Knowing ourselves

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Knowing ourselves

The eyes of hundreds of innovators changing the world were on a single young man. He seemed shy at first, but couldn’t hide his passion to improve Korean education. He won my heart in 90 seconds. Jin-woo was a high school senior giving a presentation in last year’s “15 Minutes: Time to Change the World,” the Korean equivalent of TED.

This year, Jin-woo became a college freshman. In late February, even before freshmen orientation, he began carrying out the promises he made. He hosted an education conference titled “Wigi,” a homophone for crisis and “know thyself.” While acknowledging the crisis in education, he wanted to emphasize that education is the process of seeking what one truly is.

I hadn’t expected a 19-year-old man, as opposed to an octogenarian sage, to discuss “knowing thyself.” Does he even know what it means? In fact, Jin-woo and his friends knew exactly what it was to know oneself. They were thirsty for education to learn about what they are rather than education that enhances competitiveness or makes the world a better place. They were faced with the problem of understanding less about what they are, what they want and what they like the more they study.

This was surprising. Even before they entered college, these young men knew precisely what the problems were and where education should be headed in the future. In fact, it is not news that education has become so removed from the pupils it is intended for. Both Confucius and Socrates said we should know ourselves before trying to save the world. Perhaps knowing oneself is the only real substance of education.

When did knowing oneself become so irrelevant in education? Ironically, the subject began to disappear in learning in the modern period. Kant, the father of modern studies, limited the world of learning and intelligence into areas that can be objectified. What cannot be proven or measured are no longer areas of learning. Even I exist as objective data. I am equal to my body.

But most of the things important to human beings cannot be proven or measured. Love, liberty, happiness, justice, human dignity, beauty and a sense of humor are intangible and invisible. They cannot be formulated, and therefore are not topics of learning. They are considered taste or sensibility or some vague part of the humanities. In the postmodern world, humans have accumulated tremendous amounts of knowledge about the external world but are clueless about what we really are.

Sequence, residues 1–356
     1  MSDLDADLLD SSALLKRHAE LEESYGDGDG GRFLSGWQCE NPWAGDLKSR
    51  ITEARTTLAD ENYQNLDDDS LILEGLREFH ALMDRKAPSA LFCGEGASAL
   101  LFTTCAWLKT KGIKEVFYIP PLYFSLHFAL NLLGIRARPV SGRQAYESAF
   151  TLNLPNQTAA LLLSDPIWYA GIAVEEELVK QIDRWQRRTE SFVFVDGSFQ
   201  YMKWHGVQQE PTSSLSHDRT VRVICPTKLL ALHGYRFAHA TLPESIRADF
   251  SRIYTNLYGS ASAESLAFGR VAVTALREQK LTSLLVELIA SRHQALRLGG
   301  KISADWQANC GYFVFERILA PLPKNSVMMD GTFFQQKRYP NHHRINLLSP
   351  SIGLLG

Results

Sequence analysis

Schools are not places to learn values or seek the substance of humanity and understand the self. It is hard to find a student asking, “What is a human?” Everyone is busy acquiring up-to-date knowledge. Schools are places where we learn necessary tools and knowledge to live. This is the reality of academia composed of departments and majors.

But that’s where the problem arises. The “intelligence as a tool” that we have imbibed for over a decade instead of understanding the purpose and value of life cannot protect us any longer. We are asking the fundamental questions of the effect of education because no mere tactic can resolve youth unemployment or make up for the fact that actual wage levels have been constantly falling for the last few decades. We have to admit that education is losing its competition against technology.

According to research, 47 percent of American workers are in danger of losing their jobs to automation. Other OECD member countries are in similar situations. Big data and artificial intelligence have warned that not just the rule-based routine works but also jobs that require advanced cognitive capacity will be replaced by machines. For example, computers can replace considerable parts of the jobs performed by doctors and lawyers.

Now, it is clear that education should focus on enhancing human capacities that cannot be automated. It should teach creativity and originality. However, it is too much to ask of existing educational institutions, whose mission is teaching instrumental intelligence. Learning from conventional institutions is acquiring knowledge from outside, not studying the inner world, getting inspiration or realization from within.

For the last decade, I’ve been watching artists, the most creative group, closely. I studied what makes them creative and what they have in common. First of all, they have strong senses of self. They are very much into themselves and are honest about that. Works of artists without honesty lack originality. In other words, they are not good creators. Looking into themselves and being honest are the bases of creativity. Next is expression, but schools only teach techniques of expression.

If you ask Confucius why we need to know what we are, he would say, “When you know thyself, you will understand humans. When you understand humans, you will see the world.” When you see the world, you will see what you can do for the world and what you can offer the world. Before we teach this to our children, they may already know the truth.

Translation by the Korea JoongAng Daily staff.

*The author is the director of the Art Center Nabi.

by Roh Soh-yeong

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